2018-19 Budget Issues Affecting People with Disabilities
2018-19 Budget Issues Affecting People with Disabilities
Overview of Proposed Budget
Governor Brown released his 2018-19 budget proposal on Wednesday, January 10, 2018. He proposed a $190 million budget that recognizes a healthy revenue growth this year and projected for next year. It also reflects his budget priorities of ensuring that there is a solid surplus for an inevitable recession and federal budget uncertainties; paying-down existing debts and liabilities; and fully funding K-12 education. For those living in poverty and persons with disabilities the budget is essentially a status quo budget that still leaves significant gaps between needs and available services.
The focus now shifts to the Legislature as it reviews over the next few months the governor’s proposal and marks it with its own priorities. Disability Rights California (DRC) will continue to advocate for a budget that more closely meet the needs of persons with disabilities. The following are some of the key items in the budget that will be a focus DRC advocacy.
Courts/Access to Justice
The state courts’ budget includes $150 million intended to improve Californian’s access to justice. The majority of the funding is directed to trial court operations. The budget also includes $19 million, on top of an existing $30 million, for court self-help services to assist persons without lawyers with their legal issues and $4 million to expand court interpreter services.
The proposed budget maintains the 2017-18 funding of $10 million for another year the Equal Access Fund which funds, in part, legal aid programs, including DRC.
The proposed budget includes an increase of $322.5 million Proposition 98 General Fund (GF) to support Community College (CC) districts transition to a student-focused funding formula, cost-of-living adjustment, and enrollment growth. It also includes $120 million for a California Online College to establish a fully online community college.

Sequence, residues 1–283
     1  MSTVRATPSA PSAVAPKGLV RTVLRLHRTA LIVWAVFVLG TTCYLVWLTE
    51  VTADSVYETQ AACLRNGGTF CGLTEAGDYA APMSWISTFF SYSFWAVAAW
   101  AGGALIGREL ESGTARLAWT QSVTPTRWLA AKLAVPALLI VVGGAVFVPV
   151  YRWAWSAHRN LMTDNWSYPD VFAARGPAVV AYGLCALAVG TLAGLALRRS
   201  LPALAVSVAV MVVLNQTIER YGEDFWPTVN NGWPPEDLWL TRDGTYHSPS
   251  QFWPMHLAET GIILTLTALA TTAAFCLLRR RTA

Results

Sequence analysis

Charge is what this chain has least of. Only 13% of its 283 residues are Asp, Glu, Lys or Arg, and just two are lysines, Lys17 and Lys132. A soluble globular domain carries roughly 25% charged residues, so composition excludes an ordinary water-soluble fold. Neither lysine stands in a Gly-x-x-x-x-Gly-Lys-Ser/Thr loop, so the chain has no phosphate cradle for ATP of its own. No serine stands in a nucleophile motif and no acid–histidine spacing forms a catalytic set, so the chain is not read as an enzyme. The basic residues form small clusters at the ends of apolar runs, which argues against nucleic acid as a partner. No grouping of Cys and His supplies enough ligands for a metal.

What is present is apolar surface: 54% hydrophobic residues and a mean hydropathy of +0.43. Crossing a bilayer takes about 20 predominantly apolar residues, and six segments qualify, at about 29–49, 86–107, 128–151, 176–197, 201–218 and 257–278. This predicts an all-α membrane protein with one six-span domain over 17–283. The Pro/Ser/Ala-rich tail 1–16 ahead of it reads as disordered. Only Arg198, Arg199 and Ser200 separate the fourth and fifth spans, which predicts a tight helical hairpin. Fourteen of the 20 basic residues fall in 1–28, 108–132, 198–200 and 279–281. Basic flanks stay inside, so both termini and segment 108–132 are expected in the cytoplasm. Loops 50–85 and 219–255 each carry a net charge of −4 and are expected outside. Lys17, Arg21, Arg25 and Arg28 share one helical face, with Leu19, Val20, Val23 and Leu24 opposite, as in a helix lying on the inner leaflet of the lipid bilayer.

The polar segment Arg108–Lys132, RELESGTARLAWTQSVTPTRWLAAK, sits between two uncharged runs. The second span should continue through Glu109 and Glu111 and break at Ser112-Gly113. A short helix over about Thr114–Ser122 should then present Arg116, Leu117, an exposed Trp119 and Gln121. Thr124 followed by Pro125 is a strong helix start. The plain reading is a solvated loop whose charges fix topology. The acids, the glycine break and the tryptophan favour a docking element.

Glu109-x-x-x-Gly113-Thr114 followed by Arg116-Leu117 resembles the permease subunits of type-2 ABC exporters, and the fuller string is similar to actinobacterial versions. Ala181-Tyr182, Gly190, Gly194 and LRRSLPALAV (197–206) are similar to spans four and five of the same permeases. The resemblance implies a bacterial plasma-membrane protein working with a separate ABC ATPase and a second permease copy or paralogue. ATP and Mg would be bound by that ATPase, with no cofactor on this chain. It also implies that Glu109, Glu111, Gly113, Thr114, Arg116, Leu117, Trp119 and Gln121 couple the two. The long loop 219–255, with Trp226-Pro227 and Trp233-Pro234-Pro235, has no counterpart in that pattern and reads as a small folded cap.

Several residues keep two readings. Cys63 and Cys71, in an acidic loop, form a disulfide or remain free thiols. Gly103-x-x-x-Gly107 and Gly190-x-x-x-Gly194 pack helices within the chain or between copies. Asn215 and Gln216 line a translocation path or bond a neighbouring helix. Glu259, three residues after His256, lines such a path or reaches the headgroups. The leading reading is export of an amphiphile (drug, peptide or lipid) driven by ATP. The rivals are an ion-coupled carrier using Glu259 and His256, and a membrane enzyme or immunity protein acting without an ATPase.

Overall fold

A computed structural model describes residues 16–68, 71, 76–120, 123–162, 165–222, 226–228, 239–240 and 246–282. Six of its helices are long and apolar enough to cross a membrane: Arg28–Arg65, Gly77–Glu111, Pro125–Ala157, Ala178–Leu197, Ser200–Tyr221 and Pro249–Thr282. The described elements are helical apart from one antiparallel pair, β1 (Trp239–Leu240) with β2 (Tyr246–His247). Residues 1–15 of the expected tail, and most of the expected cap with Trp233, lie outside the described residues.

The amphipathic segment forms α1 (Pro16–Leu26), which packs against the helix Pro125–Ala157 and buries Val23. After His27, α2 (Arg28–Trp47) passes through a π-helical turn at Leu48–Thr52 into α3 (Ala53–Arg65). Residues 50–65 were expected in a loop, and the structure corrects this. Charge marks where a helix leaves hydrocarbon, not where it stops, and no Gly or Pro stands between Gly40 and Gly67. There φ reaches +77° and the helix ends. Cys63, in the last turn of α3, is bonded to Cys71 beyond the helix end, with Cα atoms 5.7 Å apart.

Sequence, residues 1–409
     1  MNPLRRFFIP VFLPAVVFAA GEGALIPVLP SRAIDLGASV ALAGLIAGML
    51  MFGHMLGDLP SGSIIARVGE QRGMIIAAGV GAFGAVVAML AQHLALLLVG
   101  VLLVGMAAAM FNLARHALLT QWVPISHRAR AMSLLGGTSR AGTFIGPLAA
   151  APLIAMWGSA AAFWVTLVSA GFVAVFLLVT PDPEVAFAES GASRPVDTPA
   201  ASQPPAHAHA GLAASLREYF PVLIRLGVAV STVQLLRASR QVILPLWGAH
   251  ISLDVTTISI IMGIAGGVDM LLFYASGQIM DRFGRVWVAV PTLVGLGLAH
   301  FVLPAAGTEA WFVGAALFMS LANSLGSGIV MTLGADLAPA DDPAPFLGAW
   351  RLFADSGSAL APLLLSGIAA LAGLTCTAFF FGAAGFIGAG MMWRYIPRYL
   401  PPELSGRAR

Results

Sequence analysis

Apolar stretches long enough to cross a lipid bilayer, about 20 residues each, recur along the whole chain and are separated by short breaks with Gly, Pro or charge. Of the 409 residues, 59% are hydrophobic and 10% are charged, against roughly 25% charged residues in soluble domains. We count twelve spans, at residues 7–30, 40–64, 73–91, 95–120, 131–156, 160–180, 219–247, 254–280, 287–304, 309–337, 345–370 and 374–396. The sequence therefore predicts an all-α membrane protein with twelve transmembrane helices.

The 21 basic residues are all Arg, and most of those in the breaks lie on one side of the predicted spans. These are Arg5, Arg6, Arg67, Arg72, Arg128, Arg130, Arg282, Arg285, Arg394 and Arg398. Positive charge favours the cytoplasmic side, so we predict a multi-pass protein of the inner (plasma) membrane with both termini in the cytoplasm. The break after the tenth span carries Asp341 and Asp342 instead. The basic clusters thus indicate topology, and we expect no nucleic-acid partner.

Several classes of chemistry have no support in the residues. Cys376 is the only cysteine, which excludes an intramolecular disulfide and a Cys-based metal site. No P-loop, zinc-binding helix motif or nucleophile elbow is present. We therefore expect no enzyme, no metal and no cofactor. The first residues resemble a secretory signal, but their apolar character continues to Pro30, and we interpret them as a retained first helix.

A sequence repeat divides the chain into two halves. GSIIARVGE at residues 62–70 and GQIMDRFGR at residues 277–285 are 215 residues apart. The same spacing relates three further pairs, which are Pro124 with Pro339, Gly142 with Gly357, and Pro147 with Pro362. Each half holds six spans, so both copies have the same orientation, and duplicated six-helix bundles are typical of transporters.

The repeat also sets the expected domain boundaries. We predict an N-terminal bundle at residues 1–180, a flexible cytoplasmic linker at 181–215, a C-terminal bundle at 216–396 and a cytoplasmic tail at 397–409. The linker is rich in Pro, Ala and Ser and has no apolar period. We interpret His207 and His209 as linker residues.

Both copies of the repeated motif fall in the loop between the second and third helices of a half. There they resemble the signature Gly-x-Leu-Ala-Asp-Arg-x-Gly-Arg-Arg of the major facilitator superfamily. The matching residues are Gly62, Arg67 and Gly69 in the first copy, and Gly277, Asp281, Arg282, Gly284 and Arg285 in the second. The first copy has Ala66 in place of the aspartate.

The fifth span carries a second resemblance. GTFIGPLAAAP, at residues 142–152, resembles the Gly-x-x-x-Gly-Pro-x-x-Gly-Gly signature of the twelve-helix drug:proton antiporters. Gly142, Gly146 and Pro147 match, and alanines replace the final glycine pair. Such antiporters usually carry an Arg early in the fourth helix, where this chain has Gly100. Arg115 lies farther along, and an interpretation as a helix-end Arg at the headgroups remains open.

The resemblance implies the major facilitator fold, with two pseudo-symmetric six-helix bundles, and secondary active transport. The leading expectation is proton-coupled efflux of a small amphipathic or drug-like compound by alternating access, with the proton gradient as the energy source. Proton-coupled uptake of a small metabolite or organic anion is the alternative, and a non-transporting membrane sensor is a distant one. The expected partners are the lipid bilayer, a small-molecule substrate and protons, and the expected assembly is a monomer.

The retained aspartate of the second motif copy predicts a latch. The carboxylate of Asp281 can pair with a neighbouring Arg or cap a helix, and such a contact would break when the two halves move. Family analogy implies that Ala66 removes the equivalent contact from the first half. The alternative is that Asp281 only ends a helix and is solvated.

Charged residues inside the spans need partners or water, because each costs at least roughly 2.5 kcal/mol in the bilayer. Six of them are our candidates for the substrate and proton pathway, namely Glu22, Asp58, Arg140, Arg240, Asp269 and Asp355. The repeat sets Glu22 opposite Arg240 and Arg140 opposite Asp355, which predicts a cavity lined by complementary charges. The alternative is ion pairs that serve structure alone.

Community Services Program
The proposed budget includes a net 2018-19 year increase of $361.3 million in regional center OPS and POS compared to the updated current year budget due to an estimated caseload increase of 15,187 over the 2017-18 caseload and a $178 million POS increase to reflect the 2018 and 2019 minimum wage increases.
The proposed budget includes a net decrease of $119.2 million from the revised 2017-18 budget in 2018-19 due to largely increased resident community placements and staffing compensation and retirement adjustments.
Community Placement Plan
The proposed budget includes a $2.8 million increase in 2018-19 for developmental center (DC) closure-specific CPP funding to fund placement expenditures for additional DC movers. DRC will continue to evaluate the adequacy of community safety and work to ensure that there are suitable community living options for individuals who live in restrictive community institutions or are at risk of placement there and that there is an effective and timely process for securing health and safety waivers.
Safety Net Resources
There is a $5.6 million decrease due to the removal of one-time funding provided in 2017-18 for the Community Services Program to develop safety net resources.
Social Recreation and Camping
The budget does not propose to restore remaining cuts including social recreation and camping.
The budget proposes to restore the uniform 14-day holiday schedule, which was not enacted because of litigation that has now ended and therefore reduces the budget by $5.6 million.
The Governor signed a comprehensive package of 15 housing bills in 2017 to address the existing housing shortage crisis. That package included a real estate transaction fee that will generate $258 million annually for affordable housing production. The legislation also places a $4 billion bond on the 2018 ballot for voter approval to increase funding for various housing programs. The housing package has made a significant start to addressing California’s housing needs but as the authors of the bills recognized, it was only a start. The proposed budget does not contain any new housing funding.